cat $RENEWED_LINEAGE/fullchain.pem > '$HOME'/.code-server-meta/cert.pem
  systemctl restart code-server
  echo "code-server cert and key updated and restarted"
fi'\'' > /etc/letsencrypt/renewal-hooks/deploy/renewal.sh' | sudo bash && sudo chmod +x /etc/letsencrypt/renewal-hooks/deploy/renewal.sh

We’ll now set up our certificates by starting certbot. During this you will be asked for your email, and to agree to the terms of service.

$ sudo certbot certonly --standalone --preferred-challenges http -d $DOMAIN

This will create the certificates in /etc/letsencrypt/live/$DOMAIN. Check that everything works by doing a dry-run of the certificate renewal,

$ sudo certbot renew --dry-run

Excellent! You are now ready to launch your code-server instance using the keys for HTTPS,

$ code-server --cert ~/.code-server-meta/cert.pem --cert-key ~/.code-server-meta/key.pem --host 0.0.0.0
info  code-server 3.0.0
info  Server listening on http://127.0.0.1:8080
info    - Password is xxxxxxxxxxxxxxxxxxxxxx
info      - To use your own password, set the PASSWORD environment variable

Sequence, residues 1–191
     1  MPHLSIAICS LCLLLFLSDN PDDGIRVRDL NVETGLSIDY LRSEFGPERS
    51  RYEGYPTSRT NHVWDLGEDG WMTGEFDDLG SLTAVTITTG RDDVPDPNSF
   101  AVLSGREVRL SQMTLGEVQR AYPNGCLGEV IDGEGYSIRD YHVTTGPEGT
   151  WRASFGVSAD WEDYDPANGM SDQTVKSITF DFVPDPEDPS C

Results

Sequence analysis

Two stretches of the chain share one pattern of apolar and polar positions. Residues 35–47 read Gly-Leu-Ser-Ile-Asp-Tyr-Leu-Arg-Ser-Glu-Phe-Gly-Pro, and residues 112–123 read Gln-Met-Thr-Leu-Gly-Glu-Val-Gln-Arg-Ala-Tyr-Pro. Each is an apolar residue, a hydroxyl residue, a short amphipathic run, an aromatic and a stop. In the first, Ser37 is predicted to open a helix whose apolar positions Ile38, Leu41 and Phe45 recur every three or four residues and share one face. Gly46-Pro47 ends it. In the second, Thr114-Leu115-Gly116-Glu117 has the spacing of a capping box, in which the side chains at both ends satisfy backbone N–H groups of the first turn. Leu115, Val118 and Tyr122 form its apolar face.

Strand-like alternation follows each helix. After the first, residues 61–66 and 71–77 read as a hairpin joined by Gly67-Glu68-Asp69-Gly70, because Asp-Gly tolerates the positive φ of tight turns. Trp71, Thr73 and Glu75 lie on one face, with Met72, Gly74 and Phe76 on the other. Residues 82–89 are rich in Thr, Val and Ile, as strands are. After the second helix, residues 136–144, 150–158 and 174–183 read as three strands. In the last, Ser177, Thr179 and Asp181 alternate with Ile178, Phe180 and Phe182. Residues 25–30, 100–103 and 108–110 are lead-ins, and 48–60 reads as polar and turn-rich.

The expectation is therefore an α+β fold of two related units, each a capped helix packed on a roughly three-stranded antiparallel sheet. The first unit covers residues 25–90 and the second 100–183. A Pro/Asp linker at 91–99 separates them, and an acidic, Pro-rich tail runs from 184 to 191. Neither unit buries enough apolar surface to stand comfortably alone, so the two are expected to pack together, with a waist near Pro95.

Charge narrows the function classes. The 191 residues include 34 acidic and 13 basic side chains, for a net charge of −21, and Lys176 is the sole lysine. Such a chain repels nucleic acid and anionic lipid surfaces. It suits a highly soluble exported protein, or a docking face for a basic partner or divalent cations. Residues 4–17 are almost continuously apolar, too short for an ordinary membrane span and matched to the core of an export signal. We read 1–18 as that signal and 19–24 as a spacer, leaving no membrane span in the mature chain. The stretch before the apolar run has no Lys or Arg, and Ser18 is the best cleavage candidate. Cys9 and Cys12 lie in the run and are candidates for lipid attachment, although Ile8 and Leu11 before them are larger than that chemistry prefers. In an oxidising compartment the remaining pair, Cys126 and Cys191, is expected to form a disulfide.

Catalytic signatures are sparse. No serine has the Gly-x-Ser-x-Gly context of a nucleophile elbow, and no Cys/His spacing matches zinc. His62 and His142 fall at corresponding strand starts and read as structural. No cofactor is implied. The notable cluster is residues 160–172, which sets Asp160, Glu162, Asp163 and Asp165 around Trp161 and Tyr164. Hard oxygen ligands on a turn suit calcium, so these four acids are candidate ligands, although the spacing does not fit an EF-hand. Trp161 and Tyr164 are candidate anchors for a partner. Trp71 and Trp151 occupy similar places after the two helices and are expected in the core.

info      - To disable use `--auth none`
info    - Automatic updates are enabled

A login screen should appear. Use the password that the server printed, and you are in! 🥳

Welcome screen in Visual Studio Code on iPad Code file in Visual Studio Code on iPad

Daemonizing the server

Currently we need to manually start the server every time we reboot our server. Instead of this, we’d like the code-server to be managed as a system service.

We’ll do this by:

  • Starting code-server with a fixed password.
  • Setting up a script to start code-server in a screen instance.
  • Letting systemd manage the start/stop of the service.

Passphrase

First let us set up our password for the code-server, so that we can login across reboots. We’ll do this by dropping a simple plaintext file inside $HOME/.code-server-meta.